Today, 50 years after the assassination of John F. Kennedy, some are using the anniversary to make a call for a return of the robust space program so closely associated with him. “We should put the space program back at the center of American life. Let’s begin a national discussion to decide the next great mission for NASA,” wrote Brent Budowsky, a former congressional aide, in an op-ed in The Hill.
Budowsky’s essay follows familiar lines for those looking for guidance from the space program’s past: the leadership offered by Kennedy, the right stuff of those early astronauts (“Knights of the Round Table,” he calls them in an extension of the “Camelot” mythos), and the spinoffs created by space exploration, among other familiar tropes. He himself doesn’t know what that “next great mission” for NASA should be, other than presumably not NASA’s current plans to redirect an asteroid as a stepping stone to eventual human missions to Mars.
“I propose a national discussion seeking ideas for the next great mission of NASA from astronauts past and present, Nobel laureates, leaders in science and technology, educators, entrepreneurs, media commentators and, above all, young people,” he says, but is vague on how that “national discussion” would lead to anything like he admired about the early space program.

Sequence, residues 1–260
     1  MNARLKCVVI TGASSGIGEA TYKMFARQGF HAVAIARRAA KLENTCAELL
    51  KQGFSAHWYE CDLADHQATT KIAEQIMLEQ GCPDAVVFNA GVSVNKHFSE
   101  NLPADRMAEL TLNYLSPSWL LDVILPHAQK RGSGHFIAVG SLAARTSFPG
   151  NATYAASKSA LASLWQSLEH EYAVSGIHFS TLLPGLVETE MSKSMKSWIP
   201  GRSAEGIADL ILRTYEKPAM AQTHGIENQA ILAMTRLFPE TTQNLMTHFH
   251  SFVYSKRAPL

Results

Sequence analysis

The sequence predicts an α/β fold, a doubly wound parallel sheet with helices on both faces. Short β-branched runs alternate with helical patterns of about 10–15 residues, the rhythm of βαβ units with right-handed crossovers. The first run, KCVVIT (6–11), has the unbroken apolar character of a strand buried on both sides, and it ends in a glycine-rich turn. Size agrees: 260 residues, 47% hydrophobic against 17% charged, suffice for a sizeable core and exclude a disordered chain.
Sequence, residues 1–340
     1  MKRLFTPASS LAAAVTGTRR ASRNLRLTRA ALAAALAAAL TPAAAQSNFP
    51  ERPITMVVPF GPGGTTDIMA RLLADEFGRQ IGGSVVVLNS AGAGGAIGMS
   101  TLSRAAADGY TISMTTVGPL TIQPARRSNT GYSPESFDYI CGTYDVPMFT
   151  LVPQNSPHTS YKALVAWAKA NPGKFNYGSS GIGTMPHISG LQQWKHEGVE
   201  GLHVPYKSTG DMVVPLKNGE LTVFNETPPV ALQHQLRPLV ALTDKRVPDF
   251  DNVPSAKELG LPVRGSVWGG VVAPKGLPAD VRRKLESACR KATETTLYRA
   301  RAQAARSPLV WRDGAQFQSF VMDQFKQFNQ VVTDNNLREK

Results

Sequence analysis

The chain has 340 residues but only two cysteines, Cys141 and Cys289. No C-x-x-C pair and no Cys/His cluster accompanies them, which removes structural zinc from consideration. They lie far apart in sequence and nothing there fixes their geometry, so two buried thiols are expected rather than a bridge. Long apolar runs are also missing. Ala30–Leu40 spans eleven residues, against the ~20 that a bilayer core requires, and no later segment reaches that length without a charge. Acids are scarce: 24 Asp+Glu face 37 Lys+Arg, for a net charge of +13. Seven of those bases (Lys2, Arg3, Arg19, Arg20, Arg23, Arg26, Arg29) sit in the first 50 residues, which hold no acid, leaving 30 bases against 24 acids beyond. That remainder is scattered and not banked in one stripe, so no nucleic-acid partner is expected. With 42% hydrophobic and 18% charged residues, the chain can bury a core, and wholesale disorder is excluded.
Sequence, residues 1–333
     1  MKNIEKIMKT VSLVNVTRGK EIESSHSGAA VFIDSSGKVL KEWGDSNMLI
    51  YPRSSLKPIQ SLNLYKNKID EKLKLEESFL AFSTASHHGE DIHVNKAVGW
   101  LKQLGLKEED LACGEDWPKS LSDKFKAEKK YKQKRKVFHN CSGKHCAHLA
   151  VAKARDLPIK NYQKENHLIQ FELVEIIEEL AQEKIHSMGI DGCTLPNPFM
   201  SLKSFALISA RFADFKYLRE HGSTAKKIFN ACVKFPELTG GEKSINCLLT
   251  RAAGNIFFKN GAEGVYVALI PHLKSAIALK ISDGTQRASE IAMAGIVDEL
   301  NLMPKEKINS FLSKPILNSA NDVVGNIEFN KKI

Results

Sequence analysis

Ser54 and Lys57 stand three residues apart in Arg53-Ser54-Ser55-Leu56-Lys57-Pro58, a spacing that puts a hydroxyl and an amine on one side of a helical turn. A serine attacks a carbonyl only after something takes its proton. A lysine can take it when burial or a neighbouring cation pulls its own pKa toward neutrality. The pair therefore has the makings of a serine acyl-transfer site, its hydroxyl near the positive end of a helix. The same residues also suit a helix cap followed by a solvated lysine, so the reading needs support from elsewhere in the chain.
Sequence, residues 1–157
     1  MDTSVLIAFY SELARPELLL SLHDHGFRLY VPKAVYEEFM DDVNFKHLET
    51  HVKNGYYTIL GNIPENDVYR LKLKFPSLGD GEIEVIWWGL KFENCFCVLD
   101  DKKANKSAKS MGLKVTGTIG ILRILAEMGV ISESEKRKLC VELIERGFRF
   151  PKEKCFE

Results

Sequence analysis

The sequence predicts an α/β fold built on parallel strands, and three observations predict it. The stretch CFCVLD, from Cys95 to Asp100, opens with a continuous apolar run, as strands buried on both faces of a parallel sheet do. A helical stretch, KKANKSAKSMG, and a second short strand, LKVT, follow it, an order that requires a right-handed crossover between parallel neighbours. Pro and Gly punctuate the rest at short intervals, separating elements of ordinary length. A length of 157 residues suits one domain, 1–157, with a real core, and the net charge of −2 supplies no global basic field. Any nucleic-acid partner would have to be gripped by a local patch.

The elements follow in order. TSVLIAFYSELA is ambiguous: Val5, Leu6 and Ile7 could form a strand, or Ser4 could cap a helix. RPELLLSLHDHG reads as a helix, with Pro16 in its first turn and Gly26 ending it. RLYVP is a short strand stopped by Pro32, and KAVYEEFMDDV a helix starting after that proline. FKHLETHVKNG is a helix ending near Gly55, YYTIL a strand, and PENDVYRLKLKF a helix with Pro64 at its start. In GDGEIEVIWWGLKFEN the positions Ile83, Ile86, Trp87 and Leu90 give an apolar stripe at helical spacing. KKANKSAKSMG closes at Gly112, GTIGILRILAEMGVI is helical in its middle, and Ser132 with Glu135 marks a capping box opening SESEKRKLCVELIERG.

What he doesn’t mention, though, is that energy from the early Space Age was driven by a Cold War competition with existential stakes. And, even fifty years ago, there were doubts about the direction of the program: Kennedy was in discussions with the Soviets about potential cooperation versus competition weeks before his death, although as John Logsdon writes in his recent book about Kennedy’s space policy, a review he initiated, but not completed until after his assassination, advocated for continuing Apollo in some form.
“So it is quite possible, and even likely, that had Kennedy lived, what many view as one of his signature achievements, if not indeed the one — sending America to the moon — would not have happened,” argues Rand Simberg in an op-ed in USA Today. “Kennedy’s legacy in space is a NASA human-spaceflight program that has been rudderless for half a century, because its purpose was never articulated in terms that would justify the massive amounts of money expended on it.”
Kennedy’s influence on space policy, in that respect, continues to this day. But what could have happened to Apollo, and space policy in general, had Kennedy lived will remain a tragic what-if.